Cutting-edge study treatment for diabetic foot sores

Find out if you qualify to participate in a no-cost clinical research study that may help.

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diabetic foot ulcer

Diabetes can lead to foot ulcers which can lead to serious complications.

When the sores are open, they’re called ulcers and can become infected. The infected ulcer can lead to an infection in the foot bone and become very serious. If left untreated, a neglected ulcer can lead to amputation.

Qualified participants may receive:
  • Evaluations, exams, lab work
  • Investigational product or placebo
  • Wound care dressings
  • Compensation for time and travel
  • No-cost study related treatment
Image of a foot.
People with diabetes often develop peripheral neuropathy, or damaged nerves, in their feet related to low blood flow. These damaged nerves and low blood flow can lead to numbness and tingling as well as sores and blisters.

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This no-cost, cutting-edge study treatment is to learn whether phage can effectively treat diabetic foot ulcers.

What to expect as a part of this trial:

First see if you meet three basic qualifications and you'll be directed to a clinic in your area. They will set up a time with you to finish the screening process. If you are a match and want to participate, they'll walk you through the steps for enrollment and informed consent process.

Patients choosing to participate in this study will be asked to undergo screening tests (such as blood tests, wound cultures, and bone biopsy) or procedures to find out if they are eligible.

Phage destroying bacteria.
Phage kill bacteria but do not infect humans. Here, bacteria (in green) are being destroyed by phage (magenta) through the lytic process.

What are phage?

Bacteriophage, also known as “phage,” are natural viruses that kill bacteria. They do not infect humans. They are the most abundant biological entities found in nature. Phage are found in all parts of the body and play a key role in the natural healthy balance of bacteria. We are continuously exposed to many kinds of phage.

A publication in the Journal of the American Medical Association highlights promising case studies demonstrating the potential benefits of phage therapy. While the case studies are promising, the article emphasizes the need for controlled-clinical trials to progress phage therapy.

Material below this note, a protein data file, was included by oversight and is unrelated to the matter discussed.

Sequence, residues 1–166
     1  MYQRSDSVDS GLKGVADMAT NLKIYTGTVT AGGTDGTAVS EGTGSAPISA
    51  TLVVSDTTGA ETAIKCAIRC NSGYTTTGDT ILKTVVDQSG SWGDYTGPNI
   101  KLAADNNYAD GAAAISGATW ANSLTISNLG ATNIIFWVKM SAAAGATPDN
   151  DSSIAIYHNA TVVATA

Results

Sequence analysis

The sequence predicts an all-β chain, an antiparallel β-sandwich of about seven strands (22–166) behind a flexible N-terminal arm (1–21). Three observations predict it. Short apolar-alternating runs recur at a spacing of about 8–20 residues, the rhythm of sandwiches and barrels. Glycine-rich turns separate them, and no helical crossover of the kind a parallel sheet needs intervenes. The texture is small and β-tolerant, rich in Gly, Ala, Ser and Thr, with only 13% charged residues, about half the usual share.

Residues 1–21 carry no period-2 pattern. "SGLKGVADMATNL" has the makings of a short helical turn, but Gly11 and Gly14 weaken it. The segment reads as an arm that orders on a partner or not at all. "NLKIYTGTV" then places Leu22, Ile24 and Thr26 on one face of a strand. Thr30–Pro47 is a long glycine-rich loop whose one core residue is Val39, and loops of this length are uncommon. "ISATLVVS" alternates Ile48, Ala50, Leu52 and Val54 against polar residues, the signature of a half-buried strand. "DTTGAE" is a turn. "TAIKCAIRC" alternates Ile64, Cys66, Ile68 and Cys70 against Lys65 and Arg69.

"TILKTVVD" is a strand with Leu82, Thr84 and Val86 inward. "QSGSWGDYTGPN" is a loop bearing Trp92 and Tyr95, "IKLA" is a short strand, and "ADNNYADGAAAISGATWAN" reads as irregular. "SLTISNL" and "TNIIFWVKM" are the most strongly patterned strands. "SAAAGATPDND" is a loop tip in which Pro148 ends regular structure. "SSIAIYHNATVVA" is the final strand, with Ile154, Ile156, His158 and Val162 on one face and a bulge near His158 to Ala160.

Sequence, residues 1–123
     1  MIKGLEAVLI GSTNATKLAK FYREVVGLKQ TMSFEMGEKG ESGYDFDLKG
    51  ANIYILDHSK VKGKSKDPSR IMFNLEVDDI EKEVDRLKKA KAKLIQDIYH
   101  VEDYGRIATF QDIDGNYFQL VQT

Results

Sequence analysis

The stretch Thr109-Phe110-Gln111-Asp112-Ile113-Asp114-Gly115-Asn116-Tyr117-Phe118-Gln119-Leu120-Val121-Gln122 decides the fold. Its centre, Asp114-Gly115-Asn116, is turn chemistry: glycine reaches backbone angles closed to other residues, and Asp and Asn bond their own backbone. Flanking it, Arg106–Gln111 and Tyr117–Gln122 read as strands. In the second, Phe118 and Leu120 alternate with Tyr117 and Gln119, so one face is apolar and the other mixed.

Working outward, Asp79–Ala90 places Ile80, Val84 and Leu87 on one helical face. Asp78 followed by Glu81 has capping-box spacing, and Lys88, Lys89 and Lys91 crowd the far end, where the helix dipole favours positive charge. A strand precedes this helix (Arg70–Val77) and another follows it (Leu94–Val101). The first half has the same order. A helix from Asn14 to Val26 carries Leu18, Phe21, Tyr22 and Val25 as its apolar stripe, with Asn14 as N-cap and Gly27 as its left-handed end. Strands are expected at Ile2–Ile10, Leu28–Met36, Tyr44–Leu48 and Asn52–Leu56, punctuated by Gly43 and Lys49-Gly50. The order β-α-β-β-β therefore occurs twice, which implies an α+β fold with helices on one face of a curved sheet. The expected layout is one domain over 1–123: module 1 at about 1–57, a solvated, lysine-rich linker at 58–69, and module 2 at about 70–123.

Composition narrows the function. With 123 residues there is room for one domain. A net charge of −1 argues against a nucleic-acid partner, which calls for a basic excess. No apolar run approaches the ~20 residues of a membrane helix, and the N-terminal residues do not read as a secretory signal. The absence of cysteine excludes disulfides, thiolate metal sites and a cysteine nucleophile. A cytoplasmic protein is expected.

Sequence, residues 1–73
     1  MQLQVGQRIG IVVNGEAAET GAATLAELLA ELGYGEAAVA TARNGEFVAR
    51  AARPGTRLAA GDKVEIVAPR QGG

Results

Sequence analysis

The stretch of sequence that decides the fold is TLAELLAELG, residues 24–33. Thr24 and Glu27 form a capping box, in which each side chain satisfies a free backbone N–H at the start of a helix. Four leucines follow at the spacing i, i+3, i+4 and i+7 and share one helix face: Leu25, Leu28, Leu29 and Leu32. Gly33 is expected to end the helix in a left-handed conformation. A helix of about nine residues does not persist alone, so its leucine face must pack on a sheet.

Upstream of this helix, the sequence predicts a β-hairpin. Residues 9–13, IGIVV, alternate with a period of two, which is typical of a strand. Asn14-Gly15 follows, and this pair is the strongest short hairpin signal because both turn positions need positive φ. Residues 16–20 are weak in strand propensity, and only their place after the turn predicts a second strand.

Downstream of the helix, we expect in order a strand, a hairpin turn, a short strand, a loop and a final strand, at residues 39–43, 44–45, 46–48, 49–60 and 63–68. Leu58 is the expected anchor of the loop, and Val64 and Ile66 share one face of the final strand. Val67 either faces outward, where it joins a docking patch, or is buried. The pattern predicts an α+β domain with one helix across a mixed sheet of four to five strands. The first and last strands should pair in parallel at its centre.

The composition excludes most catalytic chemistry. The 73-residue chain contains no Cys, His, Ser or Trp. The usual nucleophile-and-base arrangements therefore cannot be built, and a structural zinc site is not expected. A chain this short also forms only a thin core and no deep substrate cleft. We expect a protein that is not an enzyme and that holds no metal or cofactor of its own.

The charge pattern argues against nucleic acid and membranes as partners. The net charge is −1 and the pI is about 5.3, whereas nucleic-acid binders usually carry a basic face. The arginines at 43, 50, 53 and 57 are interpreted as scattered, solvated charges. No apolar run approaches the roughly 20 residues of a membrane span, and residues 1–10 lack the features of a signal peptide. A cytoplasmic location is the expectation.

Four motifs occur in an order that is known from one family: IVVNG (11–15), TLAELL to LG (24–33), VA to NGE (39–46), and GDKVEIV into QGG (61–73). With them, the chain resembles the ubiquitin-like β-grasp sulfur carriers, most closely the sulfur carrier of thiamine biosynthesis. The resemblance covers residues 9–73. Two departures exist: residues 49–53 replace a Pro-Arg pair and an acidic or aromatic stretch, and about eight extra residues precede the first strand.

This is an opportunity to play an important role in developing a potential study treatment for difficult or even antibiotic resistant bacterial infections.

How is phage therapy different from traditional antibiotics?

Phage therapy has immense potential as an alternative to traditional antibiotics in treating bacterial infections.

Potential benefits of phage therapy versus traditional antibiotics:
  • Highly targeted: Antibiotics kill both harmful and beneficial bacteria. On the other hand, phage target only the harmful bacteria.
  • Self-dosing: Phage replicate at the site of the infection, maximizing the effective dose where they're needed most.
  • Adaptive: Bacteria can become resistant to antibiotics while APT's phage therapy is dynamic and adapts to avoid resistance.
  • Safety: Phage safety has been demonstrated in various studies and clinical trials. APT's clinical trials are designed to continuously assess the safety of phage therapy.
  • Avoiding amputation: For some of the most difficult infections, phage holds promise for avoiding amputations.
A happy couple.
You may benefit from this study through several ways including financial compensation and access to cutting-edge study treatment. If you are interested in enrolling in one of our clinical trials, contact us to get started.

What are the benefits of participating in this clinical trial?

Clinical trials are an essential part of the drug development process. Participating in Adaptive Phage Therapeutic's clinical trials is a deeply personal decision for you and your family.

  • Financial compensation: participants may receive financial compensation for time and travel.
  • Access to cutting-edge study treatments: clinical trials provide access to study treatments not yet available to the general public.
  • Contributing to medical research: participants can contribute to the development of new study treatments for bacterial infections.
  • Close monitoring and care: this can be especially important for participants with bacterial infections who require specialized care.
  • Potential for improved outcomes: participants may benefit from new or better investigational medication not currently available to the public.

Study Snapshot

Purpose: This study is to learn whether phage, viruses designed to attack bacteria, are a safe and effective form of study treatment for foot ulcers associated with foot bone infections in patients with diabetes.

Interested in joining this trial? Just 3 simple questions to get started:

1 Are you between
18 and 85 years old?

2 Do you have
diabetes?

3 Do you have
a foot ulcer?

Note: Other conditions not specified above may result in exclusion from the study.

If you answer yes to all three questions, you may qualify to participate in a research study that may help.

To get started, or for more information, contact us!

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